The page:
Published: 12:22, 31 May 2019
| Updated: 12:23, 31 May 2019
Young computer programming whizzes from Kent have been short-listed for a prestigious national award after designing their own videogames.
Harry Petch, 17, Luke Pierson, 14, Nils Andre, 15, who all attend Oakwood Park Grammar School in Maidstone have made it through to the final 10 of the BAFTA Young Games Designer (YGD) Awards.
They are also joined by Pavanjot Town, 13 from Rochester.
The four boys have spent months designing and creating video games in the hope of having their hard work recognised at the national competition - they are up against 49 other competitors.
Harry, from Marden, has produced top-down fantasy action game called Tempo.
The game involves playing as a silent wizard equipped with a magic staff and boots. The staff fires a projectile in time with the beat of a current music track and the enemy's movement and attack patterns also change to match the music track’s rhythm.
Harry worked with his friend Louis Jackson, 16, from Brighton, who composed a special soundtrack.
"I'm very, very excited. It's an amazing time at BAFTA YGD," he said.
Harry, who made it through to the finals in 2016 with an earlier game called Illuminate, also mentors younger students in an after-school computer programming club.
"Since the beginning of this school year I have been running the club each Tuesday and I made it specifically to push towards getting other people to submit for the competition because I know how good it is. It's such an amazing opportunity," he continued.
"I'm so insanely happy that a few of the people who came to my club actually ended up getting in, it blows my mind.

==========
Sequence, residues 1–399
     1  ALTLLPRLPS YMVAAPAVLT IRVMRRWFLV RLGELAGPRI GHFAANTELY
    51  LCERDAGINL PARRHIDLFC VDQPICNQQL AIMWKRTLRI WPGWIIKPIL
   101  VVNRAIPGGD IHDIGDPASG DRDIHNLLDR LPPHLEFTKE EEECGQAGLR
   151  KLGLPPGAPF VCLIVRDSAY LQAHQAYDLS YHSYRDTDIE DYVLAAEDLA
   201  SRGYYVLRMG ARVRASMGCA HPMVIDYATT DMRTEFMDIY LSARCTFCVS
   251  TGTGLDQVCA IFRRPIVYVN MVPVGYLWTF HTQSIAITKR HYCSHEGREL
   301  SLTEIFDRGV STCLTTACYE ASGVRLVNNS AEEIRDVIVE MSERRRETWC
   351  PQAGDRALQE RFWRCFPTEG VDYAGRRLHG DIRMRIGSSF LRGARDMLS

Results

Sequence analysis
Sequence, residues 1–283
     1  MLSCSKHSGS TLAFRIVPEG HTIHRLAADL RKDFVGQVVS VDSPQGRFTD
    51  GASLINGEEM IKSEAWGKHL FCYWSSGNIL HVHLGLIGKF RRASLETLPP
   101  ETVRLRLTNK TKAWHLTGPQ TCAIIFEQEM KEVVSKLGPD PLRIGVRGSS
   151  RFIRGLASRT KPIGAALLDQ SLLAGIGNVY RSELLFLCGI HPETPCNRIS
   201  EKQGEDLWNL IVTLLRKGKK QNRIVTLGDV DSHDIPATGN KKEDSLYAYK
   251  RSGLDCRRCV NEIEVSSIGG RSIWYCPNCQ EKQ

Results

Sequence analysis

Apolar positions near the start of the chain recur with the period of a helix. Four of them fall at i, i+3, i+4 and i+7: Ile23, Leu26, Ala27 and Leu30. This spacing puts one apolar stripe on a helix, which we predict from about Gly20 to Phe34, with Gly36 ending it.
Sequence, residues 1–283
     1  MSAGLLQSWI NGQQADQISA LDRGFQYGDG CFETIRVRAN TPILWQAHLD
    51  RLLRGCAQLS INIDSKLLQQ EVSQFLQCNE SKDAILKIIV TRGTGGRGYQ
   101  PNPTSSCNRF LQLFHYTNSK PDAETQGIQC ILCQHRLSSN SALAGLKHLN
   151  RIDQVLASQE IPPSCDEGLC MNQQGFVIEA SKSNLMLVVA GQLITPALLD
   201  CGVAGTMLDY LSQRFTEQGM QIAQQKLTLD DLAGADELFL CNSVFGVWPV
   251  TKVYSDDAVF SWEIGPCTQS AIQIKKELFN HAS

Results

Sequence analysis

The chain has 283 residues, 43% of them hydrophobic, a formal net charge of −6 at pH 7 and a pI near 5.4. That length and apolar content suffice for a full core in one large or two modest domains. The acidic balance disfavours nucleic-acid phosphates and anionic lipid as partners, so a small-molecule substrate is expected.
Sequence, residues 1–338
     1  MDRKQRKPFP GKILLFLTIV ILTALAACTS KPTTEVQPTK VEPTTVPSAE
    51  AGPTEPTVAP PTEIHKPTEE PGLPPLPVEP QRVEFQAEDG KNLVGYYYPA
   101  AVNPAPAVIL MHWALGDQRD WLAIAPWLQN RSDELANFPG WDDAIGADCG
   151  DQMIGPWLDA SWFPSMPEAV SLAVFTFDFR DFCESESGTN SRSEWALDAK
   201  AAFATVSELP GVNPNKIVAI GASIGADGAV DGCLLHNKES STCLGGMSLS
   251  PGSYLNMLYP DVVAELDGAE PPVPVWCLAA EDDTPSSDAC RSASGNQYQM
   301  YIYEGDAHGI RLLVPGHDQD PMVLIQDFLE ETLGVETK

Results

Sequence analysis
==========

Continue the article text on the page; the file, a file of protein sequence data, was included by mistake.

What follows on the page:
"I wanted to help cultivate their ideas but ultimately they're the ones who came up with these games, they're the ones who made them. I'm just there to push them in the right direction and give them some guidance.
"The club is really good as a safe space for people where can can relax and work on these creative ideas.
Luke, who entered in the game concept category, has designed ‘A World Without You’ which sees players, one playing a Solare, a sun man, and the other as Lunare, a moon man, work together to solve puzzles.
"I am extremely happy to get into the top ten," he said. "I am super proud of myself and shocked that I was able to make it here. I have learnt how much effort it takes to program and am very enthusiastic about my game and would love to see it open to the public. This has inspired me to make more concepts in the future."
Nils' game ‘Blindspot’ is designed for those with impaired vision, using sound to win. Players navigate through a maze using a sound as their guide.
"I'm really happy to be a finalist," he said."It has made me more motivated to add more content to my game making it better and more polished.
"It shows that my ideas have potential and that I'm capable."
Pavanjot's game ‘Spooky Da Ghost’ sees players use gravity shift to help a ghoul on a quest to restore its powers.
The group will find out if any of their games have won at the final judging to be held in Piccadilly, London, on Saturday, June 29.